OSU Environmental Scientist is Passionate about Working with Students
Monday, March 20, 2023
To Julie LaBar, an assistant professor of environmental science, her path to OSU was very nonlinear and filled with lots of tenacity. As the first person in her family to graduate from college, and after beginning her college career as a music student, LaBar switched majors to receive her bachelor’s, master’s, and doctorate degrees in environmental science at the University of Oklahoma. Following her studies, she worked at BioMost Inc., Saint Francis University, and Centenary University.
As for her assignment at Oklahoma State University, LaBar said she has always appreciated the mission of land-grant institutions, and she finds that OSU does a great job of keeping that mission in focus.
“I love doing work that matters and that contributes to solving current environmental problems,” she said.
Whether it’s supervising research, implementing solutions, or teaching students how to be top-notch scientists, LaBar believes it all contributes to the protection and restoration of our environment.
A major task LaBar started in the summer of 2022 was improving the environmental sampling and analysis course to incorporate more high-demand technical competencies.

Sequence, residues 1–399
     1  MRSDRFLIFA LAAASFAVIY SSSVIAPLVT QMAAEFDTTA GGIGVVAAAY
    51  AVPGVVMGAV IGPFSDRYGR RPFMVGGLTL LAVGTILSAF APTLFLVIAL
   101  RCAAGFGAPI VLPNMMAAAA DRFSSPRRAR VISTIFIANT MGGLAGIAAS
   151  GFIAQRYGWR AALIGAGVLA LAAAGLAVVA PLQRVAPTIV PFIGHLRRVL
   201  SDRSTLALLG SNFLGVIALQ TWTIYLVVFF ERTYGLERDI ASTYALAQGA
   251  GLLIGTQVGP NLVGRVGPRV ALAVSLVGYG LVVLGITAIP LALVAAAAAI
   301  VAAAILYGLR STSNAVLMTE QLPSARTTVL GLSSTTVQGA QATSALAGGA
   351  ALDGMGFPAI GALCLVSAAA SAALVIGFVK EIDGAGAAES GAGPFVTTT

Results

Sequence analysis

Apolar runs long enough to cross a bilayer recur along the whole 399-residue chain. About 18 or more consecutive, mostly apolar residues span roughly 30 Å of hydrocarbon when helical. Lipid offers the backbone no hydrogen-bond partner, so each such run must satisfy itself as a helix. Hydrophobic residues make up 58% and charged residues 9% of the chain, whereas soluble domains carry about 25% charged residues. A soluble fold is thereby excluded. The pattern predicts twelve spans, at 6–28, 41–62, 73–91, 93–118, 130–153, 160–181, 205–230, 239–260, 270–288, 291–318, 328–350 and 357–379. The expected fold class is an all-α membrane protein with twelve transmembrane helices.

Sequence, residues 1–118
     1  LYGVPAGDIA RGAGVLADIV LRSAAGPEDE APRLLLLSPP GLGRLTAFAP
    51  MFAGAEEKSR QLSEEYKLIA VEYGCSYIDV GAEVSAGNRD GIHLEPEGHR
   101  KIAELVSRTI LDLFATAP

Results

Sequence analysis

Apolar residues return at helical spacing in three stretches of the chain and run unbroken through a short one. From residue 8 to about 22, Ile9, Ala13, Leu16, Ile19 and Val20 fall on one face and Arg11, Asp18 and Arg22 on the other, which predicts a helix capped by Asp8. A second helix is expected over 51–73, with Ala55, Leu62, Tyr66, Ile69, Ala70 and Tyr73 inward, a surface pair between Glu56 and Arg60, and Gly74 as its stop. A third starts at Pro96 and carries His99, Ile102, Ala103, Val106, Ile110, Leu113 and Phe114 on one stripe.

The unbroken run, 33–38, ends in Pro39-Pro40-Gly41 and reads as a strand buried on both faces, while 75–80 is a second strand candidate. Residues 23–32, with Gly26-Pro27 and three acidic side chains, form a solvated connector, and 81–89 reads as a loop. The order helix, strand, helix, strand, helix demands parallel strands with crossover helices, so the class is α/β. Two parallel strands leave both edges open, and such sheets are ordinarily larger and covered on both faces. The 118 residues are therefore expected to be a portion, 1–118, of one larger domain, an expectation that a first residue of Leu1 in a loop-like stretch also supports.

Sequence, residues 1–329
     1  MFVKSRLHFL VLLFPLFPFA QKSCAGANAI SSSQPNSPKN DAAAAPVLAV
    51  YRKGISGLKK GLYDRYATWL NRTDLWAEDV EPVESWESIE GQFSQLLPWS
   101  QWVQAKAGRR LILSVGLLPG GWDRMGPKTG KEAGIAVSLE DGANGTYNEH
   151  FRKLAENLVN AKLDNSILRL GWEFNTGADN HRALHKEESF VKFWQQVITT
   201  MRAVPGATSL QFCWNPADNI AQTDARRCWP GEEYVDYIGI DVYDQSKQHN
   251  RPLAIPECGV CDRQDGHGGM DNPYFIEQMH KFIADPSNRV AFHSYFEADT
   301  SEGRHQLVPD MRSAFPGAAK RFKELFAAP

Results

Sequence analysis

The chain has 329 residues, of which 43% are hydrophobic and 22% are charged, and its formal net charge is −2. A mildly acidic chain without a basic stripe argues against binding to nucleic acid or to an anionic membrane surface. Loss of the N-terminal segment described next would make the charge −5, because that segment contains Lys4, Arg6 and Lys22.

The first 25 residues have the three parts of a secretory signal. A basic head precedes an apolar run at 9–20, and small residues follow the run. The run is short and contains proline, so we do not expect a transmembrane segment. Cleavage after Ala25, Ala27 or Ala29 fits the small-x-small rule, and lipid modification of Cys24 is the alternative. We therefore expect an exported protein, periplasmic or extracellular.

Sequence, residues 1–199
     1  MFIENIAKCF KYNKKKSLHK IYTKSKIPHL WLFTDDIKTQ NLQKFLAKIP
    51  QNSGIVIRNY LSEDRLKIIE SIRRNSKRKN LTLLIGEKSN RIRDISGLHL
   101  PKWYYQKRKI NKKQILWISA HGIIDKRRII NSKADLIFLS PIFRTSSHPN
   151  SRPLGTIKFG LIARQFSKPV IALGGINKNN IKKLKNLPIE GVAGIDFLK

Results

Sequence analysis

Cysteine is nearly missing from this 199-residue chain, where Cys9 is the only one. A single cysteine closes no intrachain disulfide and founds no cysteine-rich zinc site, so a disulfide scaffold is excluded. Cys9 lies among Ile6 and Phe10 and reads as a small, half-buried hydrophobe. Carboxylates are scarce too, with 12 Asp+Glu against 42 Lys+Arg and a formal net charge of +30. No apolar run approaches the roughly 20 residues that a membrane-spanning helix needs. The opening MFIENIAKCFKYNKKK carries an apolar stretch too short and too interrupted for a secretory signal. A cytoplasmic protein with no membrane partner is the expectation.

“Students will come out of the two-course sequence with a robust set of applied skills they can take with them into their careers or continuing education,” LaBar said.
As for her work in her sampling and analysis classes, she has her students doing field work at the local wetland in need of some TLC.
“My goal is to continue incorporating that real-world experience into the classes, but eventually use the data we’re collecting to help rehabilitate the site and get students directly involved in that work,” she said.
Like many teachers, LaBar said she enjoys seeing the moment a student really begins to understand a new concept. She likes watching them gain confidence in their knowledge and expertise so they can take that out into the world and apply it.
“It is the whole reason for being a teacher,” she said.
In her free time, LaBar said she loves needleworking, traveling, and reading history books.